Garaj Mahal 


Younger readers may find this hard to believe, but early on jazz's subgenre fusion was almost as controversial as punk was to the mainstream rock sphere. Old-guard purists reviled it, disdaining it as "trash" and "sellout" even as some rock and funk fans rallied to it. Epochal recordings from the late 1960s and early '70s — by Miles Davis, Gary Burton, and the Mahavishnu Orchestra, among others — defined fusion with their audacious and inspired blending of rock dynamics and jazz improvisation. After awhile — as with punk — it got diluted and fell victim to excess.

Bringing us, dear reader, to Garaj Mahal, a contemporary outfit attempting to restore fusion's prestige. Despite their good intentions — the foursome's musicianship is impeccable — Woot finds them falling into pitfalls of their forebears. Keyboardist Eric Levy favors a fluttering, twittering approach that'd be right at home on the soundtrack to that '80s show Miami Vice. (Alas, that show's music was by Jan Hammer, formerly of the once-edgy Mahavishnu.) Some tunes are so easygoing and innocuous as to be suitable background for Wal-Mart shopping.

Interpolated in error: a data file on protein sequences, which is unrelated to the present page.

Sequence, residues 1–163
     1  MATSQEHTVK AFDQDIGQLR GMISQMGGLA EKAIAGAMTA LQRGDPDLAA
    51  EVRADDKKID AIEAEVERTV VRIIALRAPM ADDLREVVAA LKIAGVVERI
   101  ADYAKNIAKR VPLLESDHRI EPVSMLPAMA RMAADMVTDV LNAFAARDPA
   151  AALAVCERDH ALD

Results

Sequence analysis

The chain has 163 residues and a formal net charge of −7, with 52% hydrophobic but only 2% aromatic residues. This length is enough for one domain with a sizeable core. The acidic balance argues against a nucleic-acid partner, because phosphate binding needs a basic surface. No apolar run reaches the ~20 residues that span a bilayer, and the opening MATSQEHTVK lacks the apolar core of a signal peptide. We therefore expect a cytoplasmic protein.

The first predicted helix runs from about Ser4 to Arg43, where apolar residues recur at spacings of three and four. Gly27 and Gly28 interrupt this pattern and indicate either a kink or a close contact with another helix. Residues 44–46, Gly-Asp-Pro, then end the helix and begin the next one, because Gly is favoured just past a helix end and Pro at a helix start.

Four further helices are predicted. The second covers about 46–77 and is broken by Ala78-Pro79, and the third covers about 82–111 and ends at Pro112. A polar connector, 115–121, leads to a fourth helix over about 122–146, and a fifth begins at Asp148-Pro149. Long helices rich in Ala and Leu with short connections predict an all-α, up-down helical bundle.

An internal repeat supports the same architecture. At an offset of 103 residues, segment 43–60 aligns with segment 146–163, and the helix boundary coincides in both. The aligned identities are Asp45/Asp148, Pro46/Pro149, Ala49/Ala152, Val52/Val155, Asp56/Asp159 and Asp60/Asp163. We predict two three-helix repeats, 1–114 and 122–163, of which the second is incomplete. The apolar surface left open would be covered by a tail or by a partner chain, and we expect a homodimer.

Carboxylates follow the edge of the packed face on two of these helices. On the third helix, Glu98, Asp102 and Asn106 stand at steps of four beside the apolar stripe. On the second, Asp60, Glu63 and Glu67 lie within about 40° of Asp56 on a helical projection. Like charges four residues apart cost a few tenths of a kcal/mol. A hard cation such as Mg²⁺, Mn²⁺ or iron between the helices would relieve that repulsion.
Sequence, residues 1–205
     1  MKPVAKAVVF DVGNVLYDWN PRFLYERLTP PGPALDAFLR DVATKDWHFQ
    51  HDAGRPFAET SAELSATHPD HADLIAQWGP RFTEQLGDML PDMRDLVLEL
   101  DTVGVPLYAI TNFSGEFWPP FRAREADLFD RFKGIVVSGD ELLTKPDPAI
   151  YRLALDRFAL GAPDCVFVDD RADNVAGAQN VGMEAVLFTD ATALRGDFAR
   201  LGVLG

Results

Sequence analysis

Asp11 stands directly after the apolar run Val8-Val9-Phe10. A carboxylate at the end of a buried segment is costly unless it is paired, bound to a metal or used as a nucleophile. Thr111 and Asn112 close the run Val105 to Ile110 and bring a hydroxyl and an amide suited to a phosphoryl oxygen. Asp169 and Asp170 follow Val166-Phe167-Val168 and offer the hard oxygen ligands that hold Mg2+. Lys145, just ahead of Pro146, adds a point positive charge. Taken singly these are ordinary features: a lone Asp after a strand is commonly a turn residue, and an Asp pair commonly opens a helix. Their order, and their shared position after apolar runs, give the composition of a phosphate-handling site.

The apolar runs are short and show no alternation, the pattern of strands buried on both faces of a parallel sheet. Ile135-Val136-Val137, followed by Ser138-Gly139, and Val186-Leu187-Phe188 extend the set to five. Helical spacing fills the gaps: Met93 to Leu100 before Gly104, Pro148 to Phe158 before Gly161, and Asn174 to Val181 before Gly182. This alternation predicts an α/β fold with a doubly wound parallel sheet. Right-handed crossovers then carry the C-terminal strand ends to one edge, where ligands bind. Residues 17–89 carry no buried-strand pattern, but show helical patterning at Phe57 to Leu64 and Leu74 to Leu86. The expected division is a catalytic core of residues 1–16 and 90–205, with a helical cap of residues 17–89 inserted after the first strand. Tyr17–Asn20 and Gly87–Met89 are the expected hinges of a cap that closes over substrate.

There are noteworthy exceptions — the sparse "Corner Peace" features sublimely pensive solos from Fareed Haque's flamenco-tinged acoustic guitar and Levy's lyrical acoustic piano. The loping "Uptown Tippitina's" smolders with N'awlins funk ambience and a biting, slow-burning, blues-charged electric solo from Haque. On balance, Woot is pleasant enough, but next time, guys, get nasty or moody. (Owl Studios)


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